Steve Richards: Well done Alex and Ed, but David wins by a head

Leaders or aspiring leaders must try to appear overwhelmingly dominant, when mostly they are not

Share

Recently I bumped into Michael Heseltine and exclaimed to him with banal excitement: "Politics is really interesting at the moment." He paused and replied with a mischievous smile: "Politics is always interesting." He is right, of course. Politics is about human beings seeking to resolve differences through words rather than force, pursuing ambition, attempting to win ideological battles, manoeuvring, projecting through the media, implementing policies. The vocation is inherently fascinating at all times. Those who are tired of politics are tired of life.

Nonetheless, I stand by my simplistic declaration to Michael Heseltine. The vocation becomes more darkly compelling in a hung parliament with an economy that might fall into a second recession. We are not used to peacetime coalitions and most voters have not lived through such bleak economic times. In such circumstances, politics comes to matter even more. We need it to work and, yes, it has been a really interesting year.

So interesting, in fact, that this column will inaugurate a new award: Politician of the Year. It obviously cannot be based on whether or not I agree with them. The judgement must be made on the basis of how well a politician has adapted to the often impossibly daunting external circumstances around them. Leaders or aspiring leaders must try to give the impression of overwhelming dominance, when mostly they are trapped in a tiny amount of space with nowhere to go.

There are three candidates who have transcended the limits that might have manacled lesser figures. The first is Alex Salmond, the most talented and self-assured politician in the UK. His dominance of Scottish politics remains breathtaking and might have historic consequences. Labour is now struggling to recover in a land they once ruled with ease. The Conservatives are nowhere to be seen, and now Salmond contemplates holding a referendum on independence. He will only hold the plebiscite if he is confident of victory, meaning the break-up of the United Kingdom is suddenly a possibility. Salmond is a master and beneficiary of the devolution settlement that he passionately opposes, which is one of the forms of his genius.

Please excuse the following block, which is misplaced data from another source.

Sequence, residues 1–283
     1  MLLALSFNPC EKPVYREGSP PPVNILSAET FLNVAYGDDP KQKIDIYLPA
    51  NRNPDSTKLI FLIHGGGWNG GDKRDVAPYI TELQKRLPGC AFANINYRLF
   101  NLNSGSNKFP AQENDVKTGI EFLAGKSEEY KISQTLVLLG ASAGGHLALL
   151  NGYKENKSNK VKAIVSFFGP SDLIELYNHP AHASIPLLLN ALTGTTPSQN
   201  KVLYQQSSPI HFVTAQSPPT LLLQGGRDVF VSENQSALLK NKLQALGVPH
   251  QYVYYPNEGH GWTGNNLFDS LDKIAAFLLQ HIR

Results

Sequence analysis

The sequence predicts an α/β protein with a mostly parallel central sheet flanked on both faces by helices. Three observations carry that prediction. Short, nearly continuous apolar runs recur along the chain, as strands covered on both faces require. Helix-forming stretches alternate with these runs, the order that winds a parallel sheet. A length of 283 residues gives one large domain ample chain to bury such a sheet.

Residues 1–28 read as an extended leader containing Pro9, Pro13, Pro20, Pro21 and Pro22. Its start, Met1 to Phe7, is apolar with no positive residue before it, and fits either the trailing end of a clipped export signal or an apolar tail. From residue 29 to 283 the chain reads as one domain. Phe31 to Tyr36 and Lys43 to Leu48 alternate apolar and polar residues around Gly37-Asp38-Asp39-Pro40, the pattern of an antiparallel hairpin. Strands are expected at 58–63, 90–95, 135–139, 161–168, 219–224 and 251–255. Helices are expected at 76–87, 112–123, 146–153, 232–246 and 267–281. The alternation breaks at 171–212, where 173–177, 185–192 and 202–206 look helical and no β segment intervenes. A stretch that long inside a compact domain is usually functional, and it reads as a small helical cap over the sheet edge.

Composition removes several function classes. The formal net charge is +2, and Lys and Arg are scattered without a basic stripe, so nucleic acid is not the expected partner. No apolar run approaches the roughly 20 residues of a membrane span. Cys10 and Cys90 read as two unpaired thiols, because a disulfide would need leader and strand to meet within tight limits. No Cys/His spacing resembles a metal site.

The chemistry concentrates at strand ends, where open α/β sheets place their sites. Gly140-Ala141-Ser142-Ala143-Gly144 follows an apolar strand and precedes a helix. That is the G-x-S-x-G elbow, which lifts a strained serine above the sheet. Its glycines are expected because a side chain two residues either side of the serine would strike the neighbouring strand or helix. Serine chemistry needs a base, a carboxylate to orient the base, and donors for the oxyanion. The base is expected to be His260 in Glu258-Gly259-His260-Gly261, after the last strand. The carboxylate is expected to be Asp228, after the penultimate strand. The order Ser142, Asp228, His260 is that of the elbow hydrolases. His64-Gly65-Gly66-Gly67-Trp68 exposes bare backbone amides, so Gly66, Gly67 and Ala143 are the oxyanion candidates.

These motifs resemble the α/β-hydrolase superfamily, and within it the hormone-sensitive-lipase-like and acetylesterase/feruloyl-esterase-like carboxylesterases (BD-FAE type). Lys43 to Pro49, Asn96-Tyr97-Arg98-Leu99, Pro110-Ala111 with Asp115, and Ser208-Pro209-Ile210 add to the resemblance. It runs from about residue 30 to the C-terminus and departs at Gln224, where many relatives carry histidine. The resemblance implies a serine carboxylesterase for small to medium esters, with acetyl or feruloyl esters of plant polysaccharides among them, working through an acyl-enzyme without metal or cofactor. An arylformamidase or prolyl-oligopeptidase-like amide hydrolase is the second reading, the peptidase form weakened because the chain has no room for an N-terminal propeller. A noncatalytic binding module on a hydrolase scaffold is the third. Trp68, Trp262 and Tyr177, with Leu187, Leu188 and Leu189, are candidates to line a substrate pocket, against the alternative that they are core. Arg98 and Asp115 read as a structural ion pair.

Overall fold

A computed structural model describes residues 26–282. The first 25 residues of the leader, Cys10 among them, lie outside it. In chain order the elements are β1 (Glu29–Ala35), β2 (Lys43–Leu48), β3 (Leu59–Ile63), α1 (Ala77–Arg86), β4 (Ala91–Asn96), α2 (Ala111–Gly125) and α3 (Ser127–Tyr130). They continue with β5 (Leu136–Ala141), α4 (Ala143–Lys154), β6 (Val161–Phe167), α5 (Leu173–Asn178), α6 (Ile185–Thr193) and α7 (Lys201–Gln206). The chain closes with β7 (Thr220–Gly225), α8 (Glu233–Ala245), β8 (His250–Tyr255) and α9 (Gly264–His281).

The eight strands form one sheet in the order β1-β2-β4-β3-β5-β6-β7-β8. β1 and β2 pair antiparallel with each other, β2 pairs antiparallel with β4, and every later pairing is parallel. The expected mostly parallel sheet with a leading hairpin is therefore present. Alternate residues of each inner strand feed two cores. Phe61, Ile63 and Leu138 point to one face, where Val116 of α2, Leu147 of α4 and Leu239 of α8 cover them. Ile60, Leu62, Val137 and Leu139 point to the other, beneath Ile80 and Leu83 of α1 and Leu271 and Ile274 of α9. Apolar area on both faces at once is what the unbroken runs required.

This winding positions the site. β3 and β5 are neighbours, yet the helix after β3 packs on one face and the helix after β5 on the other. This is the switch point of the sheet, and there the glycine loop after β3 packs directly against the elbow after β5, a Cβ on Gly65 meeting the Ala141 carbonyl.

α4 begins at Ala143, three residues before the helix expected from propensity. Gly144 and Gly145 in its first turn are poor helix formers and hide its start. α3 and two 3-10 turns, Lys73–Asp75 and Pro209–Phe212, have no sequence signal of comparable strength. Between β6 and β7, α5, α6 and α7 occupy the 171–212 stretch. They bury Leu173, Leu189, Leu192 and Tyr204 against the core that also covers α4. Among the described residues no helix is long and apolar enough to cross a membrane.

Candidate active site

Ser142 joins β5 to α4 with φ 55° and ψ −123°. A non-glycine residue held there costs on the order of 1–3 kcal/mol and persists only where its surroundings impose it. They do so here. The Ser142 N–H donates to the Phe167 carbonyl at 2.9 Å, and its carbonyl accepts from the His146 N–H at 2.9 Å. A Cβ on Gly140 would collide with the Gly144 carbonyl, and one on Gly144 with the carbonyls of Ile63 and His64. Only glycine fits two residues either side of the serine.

The second candidate is the shadow Chancellor, Ed Balls. The fact that he is shadow Chancellor is testimony to his wilful determination to keep going through the ups and downs of politics. Ed Miliband was wary of appointing him when Alan Johnson resigned, and yet he was the obvious choice. Since then, his bold predictions about what would happen if George Osborne pressed ahead with his speedy cuts have been proved right. At the beginning he had the support of a few perceptive economic columnists, but was largely on his own. Being on your own is, by definition, a lonely place to be. In politics it can be career-threatening. But Balls has political courage and a capacity to mix an expertise in economics with the tactical game that forms a part of politics. David Cameron called him the most annoying figure in British politics, another form of vindication.

Cameron is the third candidate. He leads on the narrowest of stages. To the one side of him are the increasingly stroppy Liberal Democrats, on the other is an assertive parliamentary party that cannot be easily appeased with the promise of ministerial jobs. Prime ministerial patronage is a powerful weapon in controlling a party, but Cameron has fewer jobs at his disposal in a coalition. Meanwhile, economic storms are brewing on a scale that makes those of the 1970s and 1980s seem little more than minor breezes.